LONDON -- Salman Rushdie, still under Islamic death threat for writing "The Satanic Verses," carried his appeal against the sentence yesterday to the Iranians who imposed it.
In a broadcast on the Persian service of the BBC's World Service, he said: "You know I have never been the enemy of Islam. I have never been this figure with horns and a tail. I am not the sort of person who would have written a book attacking Islam."
He said his book had been "much misunderstood." He asserted that his book was not blasphemous and said all the "so-called insults" were "contained in the dreams of a man who was going mad, and the reason he was going mad was because he had lost his faith in Islam."
He added: "I am very sad, but I feel a process of understanding has now begun."
Mr. Rushdie's broadcast followed his decision this week to affirm Islam as his personal faith and reject publication of a paperback edition of the book.
The author also explained his affirmation of the Islamic faith, announced after he met six religious scholars Monday, in an article for yesterday's edition of the Times.
The two initiatives were clearly meant to fuel prospects of conciliation and end the death threat he has lived under for almost two years.
Mr. Rushdie has been in hiding and under police guard since Ayatollah Ruhollah Khomeini, the late Iranian spiritual leader, imposed a death sentence on him for blaspheming the prophet Mohammed in "The Satanic Verses."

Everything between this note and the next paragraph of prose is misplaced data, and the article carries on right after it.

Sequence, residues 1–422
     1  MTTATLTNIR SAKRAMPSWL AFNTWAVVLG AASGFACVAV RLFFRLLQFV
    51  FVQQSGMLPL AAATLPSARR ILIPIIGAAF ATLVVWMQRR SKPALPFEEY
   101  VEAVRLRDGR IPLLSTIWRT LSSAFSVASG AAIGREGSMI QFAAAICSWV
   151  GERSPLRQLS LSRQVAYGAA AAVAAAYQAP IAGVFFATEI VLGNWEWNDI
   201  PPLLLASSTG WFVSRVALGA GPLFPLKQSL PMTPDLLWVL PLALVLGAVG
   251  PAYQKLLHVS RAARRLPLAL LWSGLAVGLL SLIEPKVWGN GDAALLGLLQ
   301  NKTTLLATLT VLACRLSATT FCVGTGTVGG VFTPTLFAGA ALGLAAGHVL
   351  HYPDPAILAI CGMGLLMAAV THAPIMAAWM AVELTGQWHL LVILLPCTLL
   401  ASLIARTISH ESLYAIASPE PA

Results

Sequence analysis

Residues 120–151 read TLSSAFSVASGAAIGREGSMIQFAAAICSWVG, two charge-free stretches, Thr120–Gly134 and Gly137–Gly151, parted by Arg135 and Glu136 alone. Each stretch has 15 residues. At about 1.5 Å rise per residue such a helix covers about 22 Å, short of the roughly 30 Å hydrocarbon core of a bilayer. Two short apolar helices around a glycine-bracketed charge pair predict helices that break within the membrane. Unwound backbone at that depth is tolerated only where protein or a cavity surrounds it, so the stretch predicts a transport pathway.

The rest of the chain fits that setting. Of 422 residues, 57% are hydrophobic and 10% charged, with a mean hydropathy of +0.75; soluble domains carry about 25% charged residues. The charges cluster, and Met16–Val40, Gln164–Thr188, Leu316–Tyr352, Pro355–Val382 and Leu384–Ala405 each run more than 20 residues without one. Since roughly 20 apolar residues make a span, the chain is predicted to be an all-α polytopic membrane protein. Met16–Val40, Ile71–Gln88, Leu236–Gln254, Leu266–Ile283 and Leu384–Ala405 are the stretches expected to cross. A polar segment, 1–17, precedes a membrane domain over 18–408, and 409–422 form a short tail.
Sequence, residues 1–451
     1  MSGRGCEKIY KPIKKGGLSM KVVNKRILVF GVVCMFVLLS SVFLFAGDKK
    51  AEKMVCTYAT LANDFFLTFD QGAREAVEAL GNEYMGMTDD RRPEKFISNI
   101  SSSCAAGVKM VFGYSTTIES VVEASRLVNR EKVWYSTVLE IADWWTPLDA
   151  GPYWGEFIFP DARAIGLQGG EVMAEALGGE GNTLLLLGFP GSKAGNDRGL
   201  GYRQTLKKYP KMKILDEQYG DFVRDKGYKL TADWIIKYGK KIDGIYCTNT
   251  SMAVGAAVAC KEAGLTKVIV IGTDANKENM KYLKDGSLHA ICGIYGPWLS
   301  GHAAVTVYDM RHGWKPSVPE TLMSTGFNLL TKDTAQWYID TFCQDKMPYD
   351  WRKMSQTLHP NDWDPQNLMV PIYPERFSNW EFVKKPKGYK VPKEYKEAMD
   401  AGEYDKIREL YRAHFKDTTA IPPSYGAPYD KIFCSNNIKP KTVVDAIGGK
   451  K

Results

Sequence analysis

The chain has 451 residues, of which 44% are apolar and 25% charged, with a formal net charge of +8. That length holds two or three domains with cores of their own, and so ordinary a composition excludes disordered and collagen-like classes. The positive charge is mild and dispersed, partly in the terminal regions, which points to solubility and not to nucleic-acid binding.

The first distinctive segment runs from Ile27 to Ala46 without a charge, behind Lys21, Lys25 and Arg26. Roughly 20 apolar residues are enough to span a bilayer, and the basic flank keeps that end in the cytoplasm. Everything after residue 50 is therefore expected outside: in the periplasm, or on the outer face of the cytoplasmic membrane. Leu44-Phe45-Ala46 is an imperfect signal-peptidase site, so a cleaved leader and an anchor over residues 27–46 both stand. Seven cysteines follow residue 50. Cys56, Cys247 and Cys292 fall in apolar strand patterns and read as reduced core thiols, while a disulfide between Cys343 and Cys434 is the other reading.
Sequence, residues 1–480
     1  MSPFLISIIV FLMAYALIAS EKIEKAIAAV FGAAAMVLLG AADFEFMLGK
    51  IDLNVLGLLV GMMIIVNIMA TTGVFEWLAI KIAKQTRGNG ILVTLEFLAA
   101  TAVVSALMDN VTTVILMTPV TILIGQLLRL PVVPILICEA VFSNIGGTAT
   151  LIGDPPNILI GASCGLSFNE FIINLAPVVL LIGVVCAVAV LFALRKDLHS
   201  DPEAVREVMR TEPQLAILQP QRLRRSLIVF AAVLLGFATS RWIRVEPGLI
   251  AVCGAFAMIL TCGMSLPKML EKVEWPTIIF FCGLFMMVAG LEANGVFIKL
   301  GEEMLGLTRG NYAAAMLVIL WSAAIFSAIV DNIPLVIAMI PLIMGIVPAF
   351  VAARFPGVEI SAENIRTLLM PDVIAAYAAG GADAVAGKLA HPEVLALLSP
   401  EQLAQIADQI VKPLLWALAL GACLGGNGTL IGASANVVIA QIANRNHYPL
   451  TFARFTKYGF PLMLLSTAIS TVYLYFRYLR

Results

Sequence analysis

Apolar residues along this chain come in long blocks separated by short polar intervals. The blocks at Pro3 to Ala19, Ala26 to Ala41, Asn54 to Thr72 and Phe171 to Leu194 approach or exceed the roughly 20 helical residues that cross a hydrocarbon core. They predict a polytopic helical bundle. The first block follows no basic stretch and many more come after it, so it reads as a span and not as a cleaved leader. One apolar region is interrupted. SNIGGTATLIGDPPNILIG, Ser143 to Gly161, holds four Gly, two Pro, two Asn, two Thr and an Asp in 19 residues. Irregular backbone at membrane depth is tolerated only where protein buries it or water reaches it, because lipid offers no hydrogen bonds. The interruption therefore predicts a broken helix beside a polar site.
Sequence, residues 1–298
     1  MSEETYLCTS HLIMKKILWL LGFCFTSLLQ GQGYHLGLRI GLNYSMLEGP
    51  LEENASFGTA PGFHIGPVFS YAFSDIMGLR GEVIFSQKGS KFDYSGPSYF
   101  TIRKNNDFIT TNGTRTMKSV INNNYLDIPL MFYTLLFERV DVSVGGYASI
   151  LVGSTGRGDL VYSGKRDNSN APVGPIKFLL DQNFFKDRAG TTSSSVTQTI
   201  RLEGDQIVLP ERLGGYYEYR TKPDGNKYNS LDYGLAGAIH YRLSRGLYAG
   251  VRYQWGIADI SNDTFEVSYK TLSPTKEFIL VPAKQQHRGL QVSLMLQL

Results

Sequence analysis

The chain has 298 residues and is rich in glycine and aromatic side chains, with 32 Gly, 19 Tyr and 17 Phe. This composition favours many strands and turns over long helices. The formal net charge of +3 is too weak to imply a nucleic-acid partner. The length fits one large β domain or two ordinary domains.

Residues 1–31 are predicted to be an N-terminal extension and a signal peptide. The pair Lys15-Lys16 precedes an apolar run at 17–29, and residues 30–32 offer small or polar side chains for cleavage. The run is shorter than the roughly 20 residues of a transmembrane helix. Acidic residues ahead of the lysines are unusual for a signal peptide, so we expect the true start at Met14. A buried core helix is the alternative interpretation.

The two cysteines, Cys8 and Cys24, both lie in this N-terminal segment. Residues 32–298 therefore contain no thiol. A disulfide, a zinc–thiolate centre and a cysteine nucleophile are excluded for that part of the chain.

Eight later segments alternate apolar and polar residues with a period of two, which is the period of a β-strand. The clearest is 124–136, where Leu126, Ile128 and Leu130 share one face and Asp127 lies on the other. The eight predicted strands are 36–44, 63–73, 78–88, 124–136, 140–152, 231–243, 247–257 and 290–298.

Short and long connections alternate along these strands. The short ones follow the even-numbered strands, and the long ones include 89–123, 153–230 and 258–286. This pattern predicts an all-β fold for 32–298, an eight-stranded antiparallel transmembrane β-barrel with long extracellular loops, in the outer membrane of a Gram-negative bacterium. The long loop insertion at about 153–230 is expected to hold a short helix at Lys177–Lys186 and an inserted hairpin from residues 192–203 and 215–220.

The death sentence was renewed by Iran's current spiritual leader, Ayatollah Ali Khamenei, in the wake of Mr. Rushdie's "repentance."
Writing in the Times, Mr. Rushdie said he viewed the furor over his book as "a family quarrel." He explained: "I am certainly not a good Moslem. But I am able now to say that I am Moslem; in fact, it is a source of happiness to say that I am now inside, and a part of, the community whose values have always been closest to my heart."
Mr. Rushdie said that while he felt safer in the wake of his meeting with the scholars, he regretted the renewed threats ZTC from Tehran, adding: "My real safety, I have long believed, lies in the attitudes of the Moslem community at large.
"My meeting with the scholars, at which they declared themselves satisfied with the sincerity of my position, is the traditional Islamic way of resolving an issue of alleged offense against Moslem sanctities."
The mood of the meeting had been "generous and even affectionate, and it moved me greatly."
He expressed confidence that most Moslems would now "wish this matter to be laid to rest."
He said: "Goodwill is replacing ill will. That is cause for celebration."
He went on: "I appeal to all Moslems and to Moslem organizations and governments everywhere, to join in the process of healing that we have begun.
"What I know of Islam is that tolerance, compassion and love are at its very heart. I believe that in the weeks and months to come the language of enmity will be replaced by the language of love."
Responding to Moslem demands for the total withdrawal of the book, he said he could not "betray" the many readers who had found it to be of "real value."